Matchmaker, Matchmaker, Make Me a Match … Based on my Student Loan Repayments

Holland & Hart - The Benefits Dial

Holland & Hart - The Benefits Dial

For the last several years, a hot topic for policymakers has been how to address the nation’s massive student loan debt. At the same time, the pressure remains to develop ways to encourage Americans to save for their own retirement. Legislation is in the works that propose marrying those two goals.

Earlier this week, the U.S. House of Representatives Ways and Means Committee passed a bipartisan retirement reform bill, the Securing a Strong Retirement Act of 2021 (or “SECURE 2.0,” to reflect its role in following in the footsteps of the SECURE Act passed in December 2019). Among other provisions, SECURE 2.0 would permit employers to make matching contributions under a 401(k) plan, 403(b) plan or SIMPLE IRA with respect to “qualified student loan payments.” Such arrangements have been touted as a way to make sure employees burdened with student loans don’t miss out on employer retirement contributions since they may be unable to afford both student loan repayments and elective deferrals to a retirement plan.

A 2018 private letter ruling approved of an employer’s plan design that made nonelective employer contributions on behalf of participants who made minimum student loan repayments. But the PLR left many questions unanswered, and since a PLR only applies to the taxpayer who requested it, there has been continued pressure for a legislative solution. The proposed provisions in SECURE 2.0 would fill that gap and give employers a clear path to follow in providing this benefit.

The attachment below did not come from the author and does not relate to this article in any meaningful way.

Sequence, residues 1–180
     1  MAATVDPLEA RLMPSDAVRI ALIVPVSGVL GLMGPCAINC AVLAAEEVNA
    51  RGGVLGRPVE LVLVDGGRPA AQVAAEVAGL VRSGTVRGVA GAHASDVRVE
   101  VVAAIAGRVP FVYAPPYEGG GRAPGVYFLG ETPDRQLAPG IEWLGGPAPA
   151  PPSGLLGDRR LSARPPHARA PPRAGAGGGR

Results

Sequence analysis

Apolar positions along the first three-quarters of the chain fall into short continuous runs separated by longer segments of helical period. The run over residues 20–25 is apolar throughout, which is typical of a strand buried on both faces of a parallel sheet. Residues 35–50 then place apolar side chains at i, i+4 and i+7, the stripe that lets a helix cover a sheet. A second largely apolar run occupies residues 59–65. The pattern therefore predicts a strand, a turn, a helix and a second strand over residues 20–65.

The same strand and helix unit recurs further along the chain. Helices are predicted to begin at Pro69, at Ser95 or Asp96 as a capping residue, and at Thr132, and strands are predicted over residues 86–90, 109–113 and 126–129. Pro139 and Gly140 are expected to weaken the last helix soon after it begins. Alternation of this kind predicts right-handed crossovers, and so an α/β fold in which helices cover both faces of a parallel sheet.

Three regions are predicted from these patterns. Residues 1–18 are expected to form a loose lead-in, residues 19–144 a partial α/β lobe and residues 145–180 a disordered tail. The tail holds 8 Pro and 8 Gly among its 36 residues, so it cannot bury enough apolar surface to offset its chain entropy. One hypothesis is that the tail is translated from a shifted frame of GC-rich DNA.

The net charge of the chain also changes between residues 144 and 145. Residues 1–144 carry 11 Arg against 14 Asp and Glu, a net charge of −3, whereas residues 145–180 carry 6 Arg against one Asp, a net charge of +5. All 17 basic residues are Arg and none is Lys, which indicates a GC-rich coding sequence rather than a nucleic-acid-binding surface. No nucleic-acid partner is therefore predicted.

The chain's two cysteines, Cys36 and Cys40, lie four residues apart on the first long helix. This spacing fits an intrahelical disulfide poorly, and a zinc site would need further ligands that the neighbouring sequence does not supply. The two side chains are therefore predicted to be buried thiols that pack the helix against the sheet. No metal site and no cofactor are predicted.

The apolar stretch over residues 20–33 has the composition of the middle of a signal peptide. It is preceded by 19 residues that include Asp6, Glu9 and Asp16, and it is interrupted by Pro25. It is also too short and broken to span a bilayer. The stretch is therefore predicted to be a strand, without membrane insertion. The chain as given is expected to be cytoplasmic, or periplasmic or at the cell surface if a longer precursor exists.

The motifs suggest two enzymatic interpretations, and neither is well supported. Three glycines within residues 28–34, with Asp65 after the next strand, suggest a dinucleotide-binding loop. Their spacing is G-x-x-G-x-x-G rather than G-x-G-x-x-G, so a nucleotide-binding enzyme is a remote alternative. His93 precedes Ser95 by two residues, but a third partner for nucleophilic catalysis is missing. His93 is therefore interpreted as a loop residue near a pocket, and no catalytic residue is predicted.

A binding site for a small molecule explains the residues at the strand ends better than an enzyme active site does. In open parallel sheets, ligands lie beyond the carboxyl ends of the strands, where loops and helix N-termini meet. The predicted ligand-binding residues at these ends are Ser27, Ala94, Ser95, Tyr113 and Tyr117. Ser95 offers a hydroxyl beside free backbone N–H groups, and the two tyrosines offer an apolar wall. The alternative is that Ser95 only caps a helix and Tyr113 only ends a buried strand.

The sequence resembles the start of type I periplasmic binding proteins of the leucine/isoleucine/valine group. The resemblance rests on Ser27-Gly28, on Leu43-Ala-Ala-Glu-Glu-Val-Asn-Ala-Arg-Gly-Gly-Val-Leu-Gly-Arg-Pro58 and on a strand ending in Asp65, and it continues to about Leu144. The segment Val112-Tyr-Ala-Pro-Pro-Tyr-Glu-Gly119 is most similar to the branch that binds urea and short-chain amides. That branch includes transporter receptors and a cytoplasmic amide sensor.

It’s also worth remembering that employers desiring to help their employees manage student loan debt have another tool already at their disposal. Internal Revenue Code Section 127 authorizes “qualified educational assistance programs” under which employers can reimburse employees for up to $5,250 (annually) of student loan debt. These Section 127 programs are subject to nondiscrimination rules, but are not subject to ERISA or any qualified plan rules. Section 127 has been around since 1978 but was of limited utility. It was given new life in 2020, and again in 2021 when Congress extended the loan forgiveness provisions through 2025.

DISCLAIMER: Because of the generality of this update, the information provided herein may not be applicable in all situations and should not be acted upon without specific legal advice based on particular situations.

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